Hiring: The Spark in the Eye

Arguably the most important task of an entrepreneur is to assemble a truly outstanding team. I am proud that I was able to bring many great teams together in the past. And I am grateful to work with so many outstanding people at Qype, at 9flats, and at avocadostore. I made many mistakes on the way. It is worth sharing some of my principles in hiring.

Hunt for potential, not for experience

Many people make the mistake of just looking at people‘s CV or likedin profile and look for the ones who‘ve done exactly what you need. I like people with experience. They can save you a lot of money because they don‘t need to experiment. But more important than where people have been is where they can go.

Hire for attitude

People who want to join us often bring rare and much sought after technical or marketing experience to the table. But we often failed with people who had the right skill, but the wrong attitude. I‘d rather have someone less experienced who will really find out how something can be done than an expert who tells me why it can‘t be done. At 9flats, we‘re looking for people with that spark in the eye.

Hire the best for all positions

„Hire the best person you can afford“ has been my mantra for a long time. Whenever I deviated and tried to make a shortcut, I invariably failed. Most people understand the concept of getting great people when hiring really „key“ employees like a CTO. But they fall short of the excellence principle in the „non-key“ areas like office management or accounting. The difference a truly great person makes to a simply average person is striking. In all areas.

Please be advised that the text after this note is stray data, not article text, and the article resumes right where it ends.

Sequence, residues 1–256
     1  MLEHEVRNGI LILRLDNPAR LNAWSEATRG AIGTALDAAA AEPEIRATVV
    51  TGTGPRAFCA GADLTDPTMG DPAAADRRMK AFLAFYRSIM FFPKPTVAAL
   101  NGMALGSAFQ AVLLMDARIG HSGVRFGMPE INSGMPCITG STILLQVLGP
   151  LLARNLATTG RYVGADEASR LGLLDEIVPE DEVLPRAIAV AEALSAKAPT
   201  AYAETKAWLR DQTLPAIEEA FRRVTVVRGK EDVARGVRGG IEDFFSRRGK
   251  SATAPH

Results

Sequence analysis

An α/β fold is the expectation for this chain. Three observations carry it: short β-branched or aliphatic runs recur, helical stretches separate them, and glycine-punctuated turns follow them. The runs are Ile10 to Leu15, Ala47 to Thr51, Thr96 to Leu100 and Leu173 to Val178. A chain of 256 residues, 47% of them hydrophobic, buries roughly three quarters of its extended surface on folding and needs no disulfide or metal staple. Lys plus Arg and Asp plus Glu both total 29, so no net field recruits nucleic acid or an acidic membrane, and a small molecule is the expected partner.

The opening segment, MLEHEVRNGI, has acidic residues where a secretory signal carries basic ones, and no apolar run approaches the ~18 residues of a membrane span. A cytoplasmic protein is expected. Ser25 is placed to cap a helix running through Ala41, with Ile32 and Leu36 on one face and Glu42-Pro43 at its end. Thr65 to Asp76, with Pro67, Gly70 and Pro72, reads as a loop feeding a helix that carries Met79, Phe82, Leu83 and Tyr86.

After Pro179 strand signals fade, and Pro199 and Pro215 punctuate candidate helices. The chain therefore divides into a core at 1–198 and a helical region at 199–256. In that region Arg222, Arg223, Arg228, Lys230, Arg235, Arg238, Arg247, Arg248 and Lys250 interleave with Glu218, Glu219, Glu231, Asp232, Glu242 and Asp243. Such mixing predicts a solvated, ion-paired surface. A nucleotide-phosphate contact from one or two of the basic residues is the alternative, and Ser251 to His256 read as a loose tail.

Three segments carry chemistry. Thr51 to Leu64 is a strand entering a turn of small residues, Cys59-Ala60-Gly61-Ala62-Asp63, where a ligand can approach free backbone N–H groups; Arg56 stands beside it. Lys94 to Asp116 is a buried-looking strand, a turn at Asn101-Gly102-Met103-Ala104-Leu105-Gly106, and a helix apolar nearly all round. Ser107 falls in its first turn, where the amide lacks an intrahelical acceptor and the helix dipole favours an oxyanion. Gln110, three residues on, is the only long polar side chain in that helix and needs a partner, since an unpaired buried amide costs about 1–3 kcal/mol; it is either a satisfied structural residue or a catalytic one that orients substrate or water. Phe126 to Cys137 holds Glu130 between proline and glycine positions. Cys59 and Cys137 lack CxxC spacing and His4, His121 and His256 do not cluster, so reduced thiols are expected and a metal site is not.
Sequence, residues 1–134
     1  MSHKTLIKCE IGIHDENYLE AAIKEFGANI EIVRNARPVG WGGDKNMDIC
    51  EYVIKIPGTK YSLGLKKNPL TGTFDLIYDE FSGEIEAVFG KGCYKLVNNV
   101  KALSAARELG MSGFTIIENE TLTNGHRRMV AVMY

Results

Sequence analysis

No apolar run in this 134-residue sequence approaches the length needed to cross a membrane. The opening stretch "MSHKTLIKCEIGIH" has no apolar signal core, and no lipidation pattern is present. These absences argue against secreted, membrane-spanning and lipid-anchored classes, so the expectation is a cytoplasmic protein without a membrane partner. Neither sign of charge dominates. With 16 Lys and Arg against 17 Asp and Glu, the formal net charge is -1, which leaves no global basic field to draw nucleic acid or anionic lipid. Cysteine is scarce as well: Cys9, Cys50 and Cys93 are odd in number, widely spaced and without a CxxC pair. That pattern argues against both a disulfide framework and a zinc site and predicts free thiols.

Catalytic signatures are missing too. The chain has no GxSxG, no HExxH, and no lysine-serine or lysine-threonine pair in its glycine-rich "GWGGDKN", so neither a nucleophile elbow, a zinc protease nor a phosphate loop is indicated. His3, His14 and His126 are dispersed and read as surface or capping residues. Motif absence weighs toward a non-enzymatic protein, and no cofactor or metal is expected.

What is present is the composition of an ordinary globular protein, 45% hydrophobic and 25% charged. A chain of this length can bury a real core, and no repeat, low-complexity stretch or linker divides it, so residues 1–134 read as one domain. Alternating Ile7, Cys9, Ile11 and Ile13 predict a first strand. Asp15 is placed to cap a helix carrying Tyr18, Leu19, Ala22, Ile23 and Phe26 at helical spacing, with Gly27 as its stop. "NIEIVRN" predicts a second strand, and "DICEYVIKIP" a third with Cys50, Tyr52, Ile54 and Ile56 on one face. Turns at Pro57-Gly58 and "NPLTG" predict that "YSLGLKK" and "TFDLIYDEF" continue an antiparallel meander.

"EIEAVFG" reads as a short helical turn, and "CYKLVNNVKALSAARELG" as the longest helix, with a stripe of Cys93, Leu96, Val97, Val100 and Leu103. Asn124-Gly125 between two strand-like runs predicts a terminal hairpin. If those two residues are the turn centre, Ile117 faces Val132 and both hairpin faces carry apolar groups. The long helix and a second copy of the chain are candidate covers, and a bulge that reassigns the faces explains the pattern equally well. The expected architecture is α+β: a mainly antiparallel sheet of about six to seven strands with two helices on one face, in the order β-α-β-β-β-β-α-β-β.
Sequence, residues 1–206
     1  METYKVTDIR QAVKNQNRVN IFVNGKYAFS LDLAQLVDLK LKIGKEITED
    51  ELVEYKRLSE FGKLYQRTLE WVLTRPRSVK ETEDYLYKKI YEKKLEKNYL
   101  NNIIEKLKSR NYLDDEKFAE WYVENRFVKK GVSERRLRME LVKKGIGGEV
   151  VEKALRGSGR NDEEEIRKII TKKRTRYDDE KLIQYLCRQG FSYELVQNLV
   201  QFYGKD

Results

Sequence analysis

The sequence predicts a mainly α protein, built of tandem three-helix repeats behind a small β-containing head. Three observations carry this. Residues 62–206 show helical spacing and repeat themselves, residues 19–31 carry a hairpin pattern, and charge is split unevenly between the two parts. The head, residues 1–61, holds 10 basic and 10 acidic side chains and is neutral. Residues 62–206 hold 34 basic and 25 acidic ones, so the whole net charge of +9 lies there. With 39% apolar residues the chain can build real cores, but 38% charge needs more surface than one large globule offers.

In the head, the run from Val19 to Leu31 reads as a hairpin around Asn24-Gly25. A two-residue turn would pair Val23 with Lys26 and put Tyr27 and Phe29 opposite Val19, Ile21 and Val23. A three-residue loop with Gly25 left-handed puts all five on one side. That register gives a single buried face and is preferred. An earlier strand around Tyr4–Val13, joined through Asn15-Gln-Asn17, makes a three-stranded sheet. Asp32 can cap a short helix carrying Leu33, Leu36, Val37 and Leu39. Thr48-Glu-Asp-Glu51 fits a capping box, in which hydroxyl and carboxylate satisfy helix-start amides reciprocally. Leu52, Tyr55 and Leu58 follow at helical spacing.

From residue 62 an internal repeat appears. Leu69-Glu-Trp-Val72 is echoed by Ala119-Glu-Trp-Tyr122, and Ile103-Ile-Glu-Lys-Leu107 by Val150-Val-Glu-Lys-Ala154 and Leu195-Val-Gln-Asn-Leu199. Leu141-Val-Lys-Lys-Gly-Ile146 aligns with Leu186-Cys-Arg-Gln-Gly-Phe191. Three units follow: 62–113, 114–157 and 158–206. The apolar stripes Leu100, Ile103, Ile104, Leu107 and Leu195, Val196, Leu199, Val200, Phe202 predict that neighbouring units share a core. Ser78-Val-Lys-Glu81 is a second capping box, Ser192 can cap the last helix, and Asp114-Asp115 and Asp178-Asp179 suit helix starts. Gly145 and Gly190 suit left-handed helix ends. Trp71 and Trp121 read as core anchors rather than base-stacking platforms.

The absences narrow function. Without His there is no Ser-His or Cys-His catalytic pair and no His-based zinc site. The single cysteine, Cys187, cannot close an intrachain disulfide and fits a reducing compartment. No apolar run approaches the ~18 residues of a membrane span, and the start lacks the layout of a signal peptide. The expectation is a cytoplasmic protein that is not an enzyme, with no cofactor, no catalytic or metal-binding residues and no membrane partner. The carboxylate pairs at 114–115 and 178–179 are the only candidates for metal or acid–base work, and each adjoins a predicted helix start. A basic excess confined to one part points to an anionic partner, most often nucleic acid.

Ethics

Recently I have met an increasing number of extremely successful people with poor ethics. Some on the investments side, but also some who applied for a job. The minute I spot this, I just switch off. I have lost some great potential this way, but I like to think that I gained in the long run. I won‘t give away all my tests here, but one: someone who offers to bring his coworkers to join us, will be shown the door immediately. This is purely selfish. Anyone who brings their friends to join us with them, will take them to the next shop afterwards.

The weekend test

The most important question I ask myself about every person that works directly with me is the weekend test: Would I like to spend a weekend with her or him. If that thought becomes just too stressful, boring or otherwise unpleasant, I just pass.

Pass on opportunities

I‘ve passed on many great hiring opportunities. And I will never know for sure if I have missed some great people that way. But I do know that with most of the people where it didn‘t work out in the end  there was some hunch in the beginning. Something was not right. Someone was not exactly thrilled by the person. So my most important rule for hiring is: Don’t hire if something feels not right.

 

By the way, a link to our Entrepreneur Intern Program (unfortunately German only, will be updated)

Open positions with 9flats.com in Berlin or in Hamburg

15 comments